With the recent drop in temperatures, I'm really feeling that fall hunger. I'm beyond ready for sweater weather to return and, of course, the best holiday of the entire year: Halloween.
(Only 56 days to go, as per my desktop countdown calendar.)
But a single month just isn't long enough to properly celebrate all things spooky and weird. Among my friends, Halloween is all of October, not just Oct. 31. Which makes the month of September Halloween Eve.
To get us in the monstrous mood, here's a recommended listening list of my favorite episodes from the podcast "Lore," a weird, history-based series created, written and narrated by Streator native Aaron Mahnke. (NOTE: All of the following can be found at lorepodcast.com/episodes; there's also a two-season TV show from Amazon Prime.)
1. "THE BLOODY PIT" (Episode 2). During the building of Massachusetts' Hoosac Tunnel in the mid-1800s, a terrible accident claimed the lives of over 200 workers. Ever since, people have experienced dramatic paranormal activity — headless apparitions, agonized moans and floating lights — that suggests the dead aren't resting easy.
2. "A DEVIL ON THE ROOF" (Episode 9). Everybody's heard of the Jersey Devil. But did you know he's been seen by Joseph Bonaparte (Napoleon's brother) and Stephen Decatur (a naval hero once on the $20 bill)? Or that, in 1909, a flurry of sightings culminated in police actually shooting at the monster?
3. "HALF-HANGED" (Episode 12). In 1685, in the Puritan community of Hadley, Mass., a respected civic leader fell strangely ill. Convinced the cantankerous old woman Mary Webster was a witch cursing him, the good townspeople hanged her. Only, they didn't quite finish the job. (BONUS: Follow this episode with her descendant Margaret Atwood's poem "Half-Hanged Mary.")
4. "UNBOXED" (Episode 15). Forget Chucky — Robert the Doll is far creepier. This little figure in a sailor suit, once the beloved and lifelong companion of Florida painter Robert Eugene Otto, is connected to a variety of violent occurrences.
5. "COVERED MIRRORS" (Episode 16). In this incredibly eerie episode, Mahnke unfurls the theory that the axe murderer responsible for the unsolved Villisca, Iowa, massacre of the Moore family and Stillinger sisters in 1912 was the same man who terrorized Illinois the year before. In all the murders, there was a nearby train station, oil lamps missing their glass chimneys — and covered mirrors.
6. "ON THE FARM" (Episode 27). A German variation on the ominous cabin in the woods, the murders at the Hinterkaifeck farm remain unsolved almost a century later. To add to the mystery, there were strange events noted before the killings and the murderer lingered at the farm for days afterward, going so far as to feed the animals.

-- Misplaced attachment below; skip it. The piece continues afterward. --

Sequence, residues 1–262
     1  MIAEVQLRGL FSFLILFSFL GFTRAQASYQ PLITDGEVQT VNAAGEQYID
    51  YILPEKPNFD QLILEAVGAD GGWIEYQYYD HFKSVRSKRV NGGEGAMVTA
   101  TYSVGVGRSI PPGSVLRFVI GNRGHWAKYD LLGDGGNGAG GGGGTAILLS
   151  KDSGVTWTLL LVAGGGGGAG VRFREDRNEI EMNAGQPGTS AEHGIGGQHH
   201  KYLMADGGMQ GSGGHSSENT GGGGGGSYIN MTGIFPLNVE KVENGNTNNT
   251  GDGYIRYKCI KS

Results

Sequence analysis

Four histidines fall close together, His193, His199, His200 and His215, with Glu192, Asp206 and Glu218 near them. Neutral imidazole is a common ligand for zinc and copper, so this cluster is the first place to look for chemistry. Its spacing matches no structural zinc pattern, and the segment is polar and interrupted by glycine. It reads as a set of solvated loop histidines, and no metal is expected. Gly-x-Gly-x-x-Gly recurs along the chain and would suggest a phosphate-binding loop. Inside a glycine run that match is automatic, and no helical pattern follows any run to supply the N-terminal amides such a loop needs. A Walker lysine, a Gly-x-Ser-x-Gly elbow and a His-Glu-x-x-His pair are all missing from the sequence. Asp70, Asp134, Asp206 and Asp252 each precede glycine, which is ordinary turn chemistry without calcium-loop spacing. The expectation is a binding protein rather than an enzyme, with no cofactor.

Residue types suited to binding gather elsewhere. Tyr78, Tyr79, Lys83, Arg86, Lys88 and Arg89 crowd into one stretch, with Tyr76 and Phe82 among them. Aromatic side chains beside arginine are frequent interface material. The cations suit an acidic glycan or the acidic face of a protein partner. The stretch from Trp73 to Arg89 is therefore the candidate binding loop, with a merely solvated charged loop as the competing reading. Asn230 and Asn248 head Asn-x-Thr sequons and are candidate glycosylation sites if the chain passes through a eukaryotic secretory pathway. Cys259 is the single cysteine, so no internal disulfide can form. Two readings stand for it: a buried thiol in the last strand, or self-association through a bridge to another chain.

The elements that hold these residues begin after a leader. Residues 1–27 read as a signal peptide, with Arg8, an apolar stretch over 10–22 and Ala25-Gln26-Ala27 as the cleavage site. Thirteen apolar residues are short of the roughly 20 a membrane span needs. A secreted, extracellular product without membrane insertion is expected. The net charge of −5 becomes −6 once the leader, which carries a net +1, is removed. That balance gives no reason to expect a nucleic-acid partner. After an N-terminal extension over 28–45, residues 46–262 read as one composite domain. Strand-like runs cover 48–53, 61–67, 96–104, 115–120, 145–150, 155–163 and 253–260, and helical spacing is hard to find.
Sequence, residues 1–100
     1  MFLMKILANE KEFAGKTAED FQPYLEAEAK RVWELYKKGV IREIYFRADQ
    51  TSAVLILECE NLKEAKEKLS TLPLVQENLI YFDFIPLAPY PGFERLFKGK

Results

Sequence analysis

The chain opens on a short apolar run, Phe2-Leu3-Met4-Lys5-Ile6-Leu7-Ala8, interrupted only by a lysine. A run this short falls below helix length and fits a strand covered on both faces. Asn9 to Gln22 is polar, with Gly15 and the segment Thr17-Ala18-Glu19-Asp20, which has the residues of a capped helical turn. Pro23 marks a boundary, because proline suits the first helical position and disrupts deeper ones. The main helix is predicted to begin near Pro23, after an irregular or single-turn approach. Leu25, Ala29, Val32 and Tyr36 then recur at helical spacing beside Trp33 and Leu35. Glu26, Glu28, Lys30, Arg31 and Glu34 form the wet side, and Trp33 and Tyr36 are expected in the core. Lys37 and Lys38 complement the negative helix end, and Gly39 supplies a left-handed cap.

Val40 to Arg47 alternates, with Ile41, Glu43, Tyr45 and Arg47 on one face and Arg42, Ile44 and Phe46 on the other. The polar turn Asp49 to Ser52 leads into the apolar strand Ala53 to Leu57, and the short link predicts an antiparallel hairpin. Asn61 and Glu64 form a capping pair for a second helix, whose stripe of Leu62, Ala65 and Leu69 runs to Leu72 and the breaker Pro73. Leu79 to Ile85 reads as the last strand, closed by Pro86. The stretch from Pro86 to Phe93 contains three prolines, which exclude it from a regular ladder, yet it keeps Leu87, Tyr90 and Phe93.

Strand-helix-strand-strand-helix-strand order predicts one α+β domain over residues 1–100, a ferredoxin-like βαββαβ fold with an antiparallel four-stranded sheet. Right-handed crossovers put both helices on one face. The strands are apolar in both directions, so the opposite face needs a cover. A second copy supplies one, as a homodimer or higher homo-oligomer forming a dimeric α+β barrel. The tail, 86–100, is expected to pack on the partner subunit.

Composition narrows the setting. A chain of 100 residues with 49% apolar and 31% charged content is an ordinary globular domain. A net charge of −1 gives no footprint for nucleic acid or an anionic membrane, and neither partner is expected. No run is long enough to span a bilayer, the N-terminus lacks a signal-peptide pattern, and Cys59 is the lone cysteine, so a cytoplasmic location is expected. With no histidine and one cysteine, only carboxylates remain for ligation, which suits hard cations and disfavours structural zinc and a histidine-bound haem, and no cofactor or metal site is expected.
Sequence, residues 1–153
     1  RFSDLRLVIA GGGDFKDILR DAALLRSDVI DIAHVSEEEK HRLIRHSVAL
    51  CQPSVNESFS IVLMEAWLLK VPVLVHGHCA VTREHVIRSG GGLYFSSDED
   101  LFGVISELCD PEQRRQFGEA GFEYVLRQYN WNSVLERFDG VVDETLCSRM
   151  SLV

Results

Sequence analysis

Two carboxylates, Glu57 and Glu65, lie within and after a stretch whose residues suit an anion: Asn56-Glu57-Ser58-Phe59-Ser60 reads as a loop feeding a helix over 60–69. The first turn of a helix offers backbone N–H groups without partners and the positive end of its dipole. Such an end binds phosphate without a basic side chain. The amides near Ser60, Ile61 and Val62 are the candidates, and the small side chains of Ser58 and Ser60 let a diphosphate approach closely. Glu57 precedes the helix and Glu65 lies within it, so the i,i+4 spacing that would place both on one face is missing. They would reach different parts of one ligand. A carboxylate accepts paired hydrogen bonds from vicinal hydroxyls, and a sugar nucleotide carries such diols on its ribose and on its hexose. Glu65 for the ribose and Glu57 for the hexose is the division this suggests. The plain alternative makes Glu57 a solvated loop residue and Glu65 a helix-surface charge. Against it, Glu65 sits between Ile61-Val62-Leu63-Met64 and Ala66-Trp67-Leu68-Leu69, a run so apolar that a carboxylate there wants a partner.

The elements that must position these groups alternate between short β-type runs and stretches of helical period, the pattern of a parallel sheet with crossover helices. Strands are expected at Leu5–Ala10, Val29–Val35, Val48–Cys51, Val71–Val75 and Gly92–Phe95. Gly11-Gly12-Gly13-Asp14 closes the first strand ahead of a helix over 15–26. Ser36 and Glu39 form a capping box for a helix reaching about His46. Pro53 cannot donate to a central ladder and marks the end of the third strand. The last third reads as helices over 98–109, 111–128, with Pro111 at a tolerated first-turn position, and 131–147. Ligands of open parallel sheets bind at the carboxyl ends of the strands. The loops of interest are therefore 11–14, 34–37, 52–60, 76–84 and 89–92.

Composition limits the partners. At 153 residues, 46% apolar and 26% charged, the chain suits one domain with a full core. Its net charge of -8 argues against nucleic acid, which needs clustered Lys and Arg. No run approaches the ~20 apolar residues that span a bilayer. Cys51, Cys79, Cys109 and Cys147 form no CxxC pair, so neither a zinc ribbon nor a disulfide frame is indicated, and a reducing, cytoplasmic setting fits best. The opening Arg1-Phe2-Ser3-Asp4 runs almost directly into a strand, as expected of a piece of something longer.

7. "LOST AND FOUND" (Episode 31). Mahnke touches upon several gruesome discoveries, including: Who put Bella in the Wych Elm; Elisa Lam and the Cecil Hotel; and Kate Webster's brutal disposal of employer Julia Martha Thomas (whose skull was finally uncovered in David Attenborough's backyard in 2010).
8. "THE MOUNTAIN" (Episode 38). Just what really happened in Dyatlov Pass in 1959? Were the Ural Polytechnical students killed by a secret Soviet experiment, or by something paranormal? As Mahnke notes, the indigenous Mansi people had for centuries called the place "Mountain of the Dead."
9. "TAKE THE STAND" (Episode 39). Zona Heaster Shue holds the distinction of being the only murder victim whose testimony was admitted into a U.S. Superior Court trial; after appearing to her mother in a series of dreams, the young woman now known as the Greenbrier Ghost was exhumed and her true cause of death was determined: strangulation. Husband Erasmus "Trout" Shue was convicted of murder in 1897, and Zona was never seen again.
10. "MISSING THE POINT" (Episode 47). The greatest cryptid of all time, the Mothman, is at the heart of this episode as Mahnke examines the series of strange occurrences that plagued Point Pleasant, W.V., from 1966 to 1967.
11. "THE RED COATS" (Episode 67). Like the more famous Bermuda Triangle, the Bennington Triangle of Vermont is well-known for strange disappearances. And, for some truly bizarre reason, many of those who disappeared on Glastenbury Mountain — a place the local Native Americans refused to set foot on — were wearing red coats.
12. "ROAD TRIP" (Episode 87). Betty and Barney Hill just wanted to get home. Unfortunately, their road trip was rudely interrupted by an alien abduction that changed the course of their lives. And the course of popular culture, too: many of the things experienced by the Hills — a stalled car, frozen watches, missing time, bright lights, telepathic communication and probes — have become standards in sci-fi and horror, influencing everything from "Close Encounters of the Third Kind" to "The X-Files."
• ANGIE BARRY is a page designer and columnist for The Times. To suggest future topics for The B-List, which covers pop culture, history and literature, contact her at firstname.lastname@example.org.